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Difficult Times and Sensitive Situations Require Strong Leadership

March 6, 2018  |  Gale Horton Gay
This article appeared in the March 2018 issue of the Georgia's Cities newspaper.
Pictured l to r: LaGrange Mayor Jim Thornton, Troup County NAACP President Ernest Ward and LaGrange College President Dan McAlexander.

The leadership of city and coun­ty officials can make or break a community. Good, solid leader­ship can improve quality of life for residents, attract business and industry as well as strengthen re­lationships with all stakeholders, especially in times of crisis.  
Jackson Mayor Kay Pippin knows all too well the critical im­portance of leadership when faced with a crisis.
In 2016, a white Jackson police officer reported being shot by a black man. Within days, police de­termined that the female officer, who received minor injuries when a bullet grazed her bullet proof vest, had allegedly lied and be­lieved her version of the shooting was a hoax.
The officer, who had been on the Jackson police force for two months, has been charged with making false statements, violation of oath by a public officer, tampering with evidence and other counts, was terminated and is awaiting court action.
“Throughout this event I was proud of our entire local law enforcement community,” said Pippin. “Our chief of police remained cool and calm, dealt with the GBI, his own officers, the press, elected leaders, and citizens with a cool, calm reserve that reflects his professionalism.”
Jackson Police Chief James Morgan
“Our nation was still healing from the horrible church shootings in Charleston and the news stories sur­rounding places like Ferguson and other places involving police officers at odds with their communities,” said Pippin. “Out-of-towners came visiting trying to make the bad actions of this police officer an indictment against our city, but thanks to outstanding local leaders like Police Chief James Morgan, District Attorney Richard Mi­lam, City Councilmember Theodore Patterson, NAACP leader Rev. Charles Barlow, and the outstanding men and women in the Jackson Police Depart­ment, and more, this police officer was arrested and charged and is now being dealt with in a court of law.”
Pippin continued, “And, thanks to a citywide effort of these leaders and more, this incident did not spur other events. Everyone’s demeanor was calm and reassuring. Everyone listened to one another and spoke with resolve to solve this crime and see that jus­tice prevailed, and everyone used lan­guage that was respectful of others.”
“My role was to simply look into the cameras and tell the media that I had no idea why this police officer chose to do what she did nor why she chose to blame the shooting on a fictitious black man. But I can assure the world, her ac­tions were in no way a reflection of who we are in the city of Jackson. We are a city of people who care about their neighbors…be they black or white or any other color; we are a city too busy building a better quality of life for all our citizens to be deterred by this bad thing that happened in our good city,” said Pippin.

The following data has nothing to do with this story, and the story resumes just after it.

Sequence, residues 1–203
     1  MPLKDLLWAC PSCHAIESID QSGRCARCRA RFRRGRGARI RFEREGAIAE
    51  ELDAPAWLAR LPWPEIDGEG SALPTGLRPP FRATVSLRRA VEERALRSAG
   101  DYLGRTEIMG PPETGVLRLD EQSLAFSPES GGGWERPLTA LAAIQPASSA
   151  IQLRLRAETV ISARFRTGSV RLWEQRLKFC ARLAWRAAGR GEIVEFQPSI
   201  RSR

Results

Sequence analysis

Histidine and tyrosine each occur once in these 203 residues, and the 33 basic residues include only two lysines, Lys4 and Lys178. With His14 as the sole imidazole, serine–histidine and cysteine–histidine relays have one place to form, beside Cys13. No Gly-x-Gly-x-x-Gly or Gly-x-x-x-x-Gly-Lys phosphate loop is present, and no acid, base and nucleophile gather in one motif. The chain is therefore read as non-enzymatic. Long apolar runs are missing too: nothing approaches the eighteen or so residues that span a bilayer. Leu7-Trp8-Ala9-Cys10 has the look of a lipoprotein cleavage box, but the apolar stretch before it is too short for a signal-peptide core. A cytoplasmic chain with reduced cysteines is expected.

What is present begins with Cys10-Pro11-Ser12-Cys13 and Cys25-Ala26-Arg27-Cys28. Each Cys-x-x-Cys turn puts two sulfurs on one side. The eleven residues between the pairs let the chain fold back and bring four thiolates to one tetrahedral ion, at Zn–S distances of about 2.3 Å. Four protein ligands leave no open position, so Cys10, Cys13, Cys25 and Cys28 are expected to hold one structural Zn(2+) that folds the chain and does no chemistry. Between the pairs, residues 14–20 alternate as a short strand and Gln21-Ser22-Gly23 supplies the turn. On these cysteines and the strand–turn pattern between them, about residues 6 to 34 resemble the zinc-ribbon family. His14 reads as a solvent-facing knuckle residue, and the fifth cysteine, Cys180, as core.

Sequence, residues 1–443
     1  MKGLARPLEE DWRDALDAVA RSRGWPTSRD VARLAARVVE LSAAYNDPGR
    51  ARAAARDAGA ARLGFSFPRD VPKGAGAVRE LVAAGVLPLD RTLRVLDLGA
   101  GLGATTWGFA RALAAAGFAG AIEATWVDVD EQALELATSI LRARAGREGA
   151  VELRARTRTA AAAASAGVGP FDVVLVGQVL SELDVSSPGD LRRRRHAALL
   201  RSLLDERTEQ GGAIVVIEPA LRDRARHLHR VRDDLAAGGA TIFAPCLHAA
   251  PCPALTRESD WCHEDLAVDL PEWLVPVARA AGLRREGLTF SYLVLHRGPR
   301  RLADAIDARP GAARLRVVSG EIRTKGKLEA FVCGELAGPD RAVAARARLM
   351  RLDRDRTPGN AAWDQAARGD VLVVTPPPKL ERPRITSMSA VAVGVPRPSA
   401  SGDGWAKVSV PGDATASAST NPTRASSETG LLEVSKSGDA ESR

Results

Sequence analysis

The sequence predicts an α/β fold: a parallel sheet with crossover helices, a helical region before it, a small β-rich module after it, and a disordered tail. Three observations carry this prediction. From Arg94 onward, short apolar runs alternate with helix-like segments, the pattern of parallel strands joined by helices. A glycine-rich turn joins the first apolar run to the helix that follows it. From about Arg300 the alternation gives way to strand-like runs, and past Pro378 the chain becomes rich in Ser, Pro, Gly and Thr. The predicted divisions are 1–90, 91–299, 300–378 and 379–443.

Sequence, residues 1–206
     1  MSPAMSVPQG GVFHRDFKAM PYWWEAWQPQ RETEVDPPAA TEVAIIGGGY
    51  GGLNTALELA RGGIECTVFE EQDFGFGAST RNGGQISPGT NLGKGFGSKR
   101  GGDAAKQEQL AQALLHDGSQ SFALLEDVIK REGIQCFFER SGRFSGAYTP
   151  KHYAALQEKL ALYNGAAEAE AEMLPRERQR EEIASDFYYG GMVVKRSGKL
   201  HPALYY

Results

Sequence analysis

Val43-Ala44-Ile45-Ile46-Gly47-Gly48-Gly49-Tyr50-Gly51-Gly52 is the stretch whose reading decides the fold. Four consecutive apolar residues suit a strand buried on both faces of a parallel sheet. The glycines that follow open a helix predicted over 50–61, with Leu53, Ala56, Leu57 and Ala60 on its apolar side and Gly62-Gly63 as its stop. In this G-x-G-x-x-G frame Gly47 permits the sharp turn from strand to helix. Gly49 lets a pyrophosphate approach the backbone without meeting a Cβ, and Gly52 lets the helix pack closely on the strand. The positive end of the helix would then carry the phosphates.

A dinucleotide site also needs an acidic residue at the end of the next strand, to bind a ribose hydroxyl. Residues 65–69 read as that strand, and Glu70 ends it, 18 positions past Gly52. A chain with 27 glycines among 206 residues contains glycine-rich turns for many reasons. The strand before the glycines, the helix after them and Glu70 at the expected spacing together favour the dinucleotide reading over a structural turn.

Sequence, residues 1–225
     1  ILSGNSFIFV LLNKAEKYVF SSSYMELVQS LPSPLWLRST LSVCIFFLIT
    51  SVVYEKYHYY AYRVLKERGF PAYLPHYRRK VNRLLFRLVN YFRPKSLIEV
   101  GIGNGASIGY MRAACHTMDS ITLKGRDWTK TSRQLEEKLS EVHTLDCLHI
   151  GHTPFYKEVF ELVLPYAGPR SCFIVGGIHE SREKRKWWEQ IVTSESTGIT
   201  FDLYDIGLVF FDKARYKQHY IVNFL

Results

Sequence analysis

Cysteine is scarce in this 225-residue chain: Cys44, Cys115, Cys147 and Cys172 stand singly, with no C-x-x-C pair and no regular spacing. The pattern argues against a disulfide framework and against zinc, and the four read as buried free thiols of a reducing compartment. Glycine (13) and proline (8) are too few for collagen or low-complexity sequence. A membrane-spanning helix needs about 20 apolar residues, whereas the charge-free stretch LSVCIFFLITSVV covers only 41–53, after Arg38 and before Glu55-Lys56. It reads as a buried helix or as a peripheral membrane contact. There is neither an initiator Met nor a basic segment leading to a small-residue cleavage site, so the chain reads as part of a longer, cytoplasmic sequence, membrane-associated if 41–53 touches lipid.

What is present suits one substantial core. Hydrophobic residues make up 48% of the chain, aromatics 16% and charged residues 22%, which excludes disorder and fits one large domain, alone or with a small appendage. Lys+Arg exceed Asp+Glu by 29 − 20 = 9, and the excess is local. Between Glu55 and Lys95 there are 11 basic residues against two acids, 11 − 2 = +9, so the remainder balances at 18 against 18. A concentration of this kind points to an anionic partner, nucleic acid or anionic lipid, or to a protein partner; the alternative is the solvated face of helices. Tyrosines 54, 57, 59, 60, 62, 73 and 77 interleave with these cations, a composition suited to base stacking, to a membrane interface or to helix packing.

Pippin believes the groundwork for good relations within a com­munity must be established before a crisis occurs. She recalled that early in her first term as mayor in 2014, she invited all the ministers in the city of 5,000 to gather for pizza and conversation. From that event, an interdenominational ministerial council was established that continues to meet monthly.
“What I said to them was I think you need the city to accomplish your mission and I know I need you,” she said. “I would much rath­er us be talking now when we’re not facing some serious issue.”
Leadership also thrived amidst adversity in LaGrange, where a police chief took a bold leader­ship step. In January 2017, Police Chief Louis Dekmar made a public acknowledgement of and apology for the 1940 lynching of Austin Callaway, a young black man who was forcibly taken from the LaGrange jail by six white men and killed.
Dekmar said he hoped the acknowl­edgement and apology “would create the opportunity for engagement. It’s the beginning, not the end.”
The police chief said before he made his statements at a historically African- American church in the city, he first shared his reasoning with the city’s mayor, council and 100 officers in the police department. The mayor and councilmembers said they were behind him. During an inspection of the police force, Dekmar shared his plan. He said he gave the officers an opportunity to respond and no one voiced objections. Afterward, he received several text messages of support.

Dekmar added that for a year and a half prior to the apology leaders in La­Grange had engaged in trust-building training.